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Bonus Quotation of the Day…

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… is from page 141 of my Mercatus Center colleague Dan Griswold’s important 2009 book, Mad About Trade [2] (footnote deleted):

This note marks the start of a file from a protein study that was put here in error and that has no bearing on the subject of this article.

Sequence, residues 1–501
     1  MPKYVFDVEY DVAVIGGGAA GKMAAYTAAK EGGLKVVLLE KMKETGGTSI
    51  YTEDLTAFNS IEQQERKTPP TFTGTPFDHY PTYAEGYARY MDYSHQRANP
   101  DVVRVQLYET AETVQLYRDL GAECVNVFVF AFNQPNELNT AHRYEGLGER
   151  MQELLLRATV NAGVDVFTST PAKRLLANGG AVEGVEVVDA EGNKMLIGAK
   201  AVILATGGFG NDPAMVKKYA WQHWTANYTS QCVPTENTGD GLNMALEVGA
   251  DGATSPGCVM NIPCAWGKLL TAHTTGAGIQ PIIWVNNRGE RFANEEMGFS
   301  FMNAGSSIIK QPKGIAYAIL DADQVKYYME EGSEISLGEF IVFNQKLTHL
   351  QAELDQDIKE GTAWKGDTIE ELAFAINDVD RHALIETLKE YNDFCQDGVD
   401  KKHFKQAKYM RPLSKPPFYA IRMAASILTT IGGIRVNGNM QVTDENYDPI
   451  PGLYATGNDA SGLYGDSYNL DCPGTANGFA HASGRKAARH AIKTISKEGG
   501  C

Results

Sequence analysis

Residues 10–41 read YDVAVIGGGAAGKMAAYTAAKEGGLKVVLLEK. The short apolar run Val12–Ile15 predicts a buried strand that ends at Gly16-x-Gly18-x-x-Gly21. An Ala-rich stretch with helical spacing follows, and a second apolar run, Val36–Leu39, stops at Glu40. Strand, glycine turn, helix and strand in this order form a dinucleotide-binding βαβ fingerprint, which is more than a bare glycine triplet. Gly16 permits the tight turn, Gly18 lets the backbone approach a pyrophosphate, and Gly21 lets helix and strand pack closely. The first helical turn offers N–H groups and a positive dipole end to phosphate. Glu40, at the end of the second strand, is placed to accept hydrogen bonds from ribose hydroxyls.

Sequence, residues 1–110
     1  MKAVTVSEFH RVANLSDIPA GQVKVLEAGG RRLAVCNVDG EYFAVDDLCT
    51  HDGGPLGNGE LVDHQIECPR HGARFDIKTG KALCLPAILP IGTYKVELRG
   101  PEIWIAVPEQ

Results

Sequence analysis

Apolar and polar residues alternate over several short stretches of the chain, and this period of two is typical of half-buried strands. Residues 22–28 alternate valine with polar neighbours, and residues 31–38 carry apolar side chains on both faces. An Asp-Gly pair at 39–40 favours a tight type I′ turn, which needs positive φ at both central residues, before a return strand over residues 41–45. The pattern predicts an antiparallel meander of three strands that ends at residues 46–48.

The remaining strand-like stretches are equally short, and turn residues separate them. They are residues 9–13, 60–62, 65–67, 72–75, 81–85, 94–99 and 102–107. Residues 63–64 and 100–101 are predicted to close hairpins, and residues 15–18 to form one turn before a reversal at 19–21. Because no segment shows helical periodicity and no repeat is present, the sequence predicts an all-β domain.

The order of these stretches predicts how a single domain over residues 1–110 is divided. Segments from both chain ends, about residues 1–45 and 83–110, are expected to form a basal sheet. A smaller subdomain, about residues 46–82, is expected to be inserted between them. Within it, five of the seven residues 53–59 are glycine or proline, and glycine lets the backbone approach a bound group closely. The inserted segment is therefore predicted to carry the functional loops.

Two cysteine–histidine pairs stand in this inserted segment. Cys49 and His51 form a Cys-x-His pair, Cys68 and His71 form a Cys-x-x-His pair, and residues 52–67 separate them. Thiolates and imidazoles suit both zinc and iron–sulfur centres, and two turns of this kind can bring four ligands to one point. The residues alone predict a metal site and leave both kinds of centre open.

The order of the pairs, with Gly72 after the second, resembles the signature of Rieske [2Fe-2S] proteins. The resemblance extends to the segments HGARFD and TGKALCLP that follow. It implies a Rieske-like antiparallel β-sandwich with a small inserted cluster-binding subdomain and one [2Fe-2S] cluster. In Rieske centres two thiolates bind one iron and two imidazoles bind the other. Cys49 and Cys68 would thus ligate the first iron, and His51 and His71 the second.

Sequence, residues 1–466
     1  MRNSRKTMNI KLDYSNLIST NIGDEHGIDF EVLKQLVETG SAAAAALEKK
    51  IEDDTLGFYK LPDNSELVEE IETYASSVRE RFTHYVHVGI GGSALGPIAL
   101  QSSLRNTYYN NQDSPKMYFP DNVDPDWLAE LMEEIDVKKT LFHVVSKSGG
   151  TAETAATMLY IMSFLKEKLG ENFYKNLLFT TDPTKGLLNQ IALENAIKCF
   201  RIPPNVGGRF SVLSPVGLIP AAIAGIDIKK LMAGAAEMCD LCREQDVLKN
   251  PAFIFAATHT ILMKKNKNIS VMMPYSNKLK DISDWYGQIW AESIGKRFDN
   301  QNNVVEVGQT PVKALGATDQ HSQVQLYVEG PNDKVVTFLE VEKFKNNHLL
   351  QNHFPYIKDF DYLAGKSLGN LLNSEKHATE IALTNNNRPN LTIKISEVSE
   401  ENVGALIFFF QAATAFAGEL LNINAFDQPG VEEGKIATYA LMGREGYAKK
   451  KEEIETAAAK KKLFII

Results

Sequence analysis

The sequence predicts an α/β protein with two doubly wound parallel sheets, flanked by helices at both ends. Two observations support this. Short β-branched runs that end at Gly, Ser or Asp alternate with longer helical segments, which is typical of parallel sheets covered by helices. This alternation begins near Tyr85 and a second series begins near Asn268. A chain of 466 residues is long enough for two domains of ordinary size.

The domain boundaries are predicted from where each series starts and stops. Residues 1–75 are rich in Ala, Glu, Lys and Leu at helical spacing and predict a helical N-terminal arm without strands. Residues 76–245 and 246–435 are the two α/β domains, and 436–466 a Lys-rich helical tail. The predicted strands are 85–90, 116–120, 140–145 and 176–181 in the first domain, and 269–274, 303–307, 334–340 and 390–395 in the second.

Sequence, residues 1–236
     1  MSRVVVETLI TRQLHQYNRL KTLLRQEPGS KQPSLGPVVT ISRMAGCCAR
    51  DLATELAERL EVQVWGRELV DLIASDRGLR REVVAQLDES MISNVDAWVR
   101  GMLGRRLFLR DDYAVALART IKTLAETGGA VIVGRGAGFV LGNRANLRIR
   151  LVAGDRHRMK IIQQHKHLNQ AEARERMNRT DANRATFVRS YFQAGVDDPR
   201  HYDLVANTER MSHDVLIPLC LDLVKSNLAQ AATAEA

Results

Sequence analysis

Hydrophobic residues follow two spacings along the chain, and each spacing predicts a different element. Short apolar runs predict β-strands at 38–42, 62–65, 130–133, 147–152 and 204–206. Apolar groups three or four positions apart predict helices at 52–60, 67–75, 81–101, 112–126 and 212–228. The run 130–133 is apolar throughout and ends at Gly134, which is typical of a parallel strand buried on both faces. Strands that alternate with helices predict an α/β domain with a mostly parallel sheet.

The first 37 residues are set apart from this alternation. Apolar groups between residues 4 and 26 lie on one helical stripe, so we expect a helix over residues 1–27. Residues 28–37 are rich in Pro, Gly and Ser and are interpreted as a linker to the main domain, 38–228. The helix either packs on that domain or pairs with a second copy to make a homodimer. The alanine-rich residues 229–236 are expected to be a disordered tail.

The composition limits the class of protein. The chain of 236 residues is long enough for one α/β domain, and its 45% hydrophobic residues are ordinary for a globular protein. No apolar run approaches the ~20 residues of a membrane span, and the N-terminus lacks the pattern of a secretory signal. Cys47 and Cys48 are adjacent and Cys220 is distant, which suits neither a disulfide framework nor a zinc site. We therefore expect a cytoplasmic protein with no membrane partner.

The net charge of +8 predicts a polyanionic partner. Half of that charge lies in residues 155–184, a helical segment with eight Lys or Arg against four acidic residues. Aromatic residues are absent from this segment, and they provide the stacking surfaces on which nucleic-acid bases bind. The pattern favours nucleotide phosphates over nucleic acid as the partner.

Trade has been seen as a friend of peace for centuries.  In the 19th century, British statesman Richard Cobden pursued free trade as a way not only to bring more affordable bread to English workers but also to promote peace with Britain’s neighbors.  He negotiated the Cobden-Chevalier free trade agreement with France in 1860 that helped to cement an enduring alliance between two countries that had been bitter enemies for centuries.  In the 20th century, President Franklin Roosevelt’s secretary of state, Cordell Hull, championed lower trade barriers as a way to promote peaceful commerce and reduce international tensions.  Hull had witnessed first-hand the economic nationalism and retribution after World War I.  He believed that “unhampered trade dovetail[s] with peace; high tariffs, trade barriers and unfair economic competition with war.”

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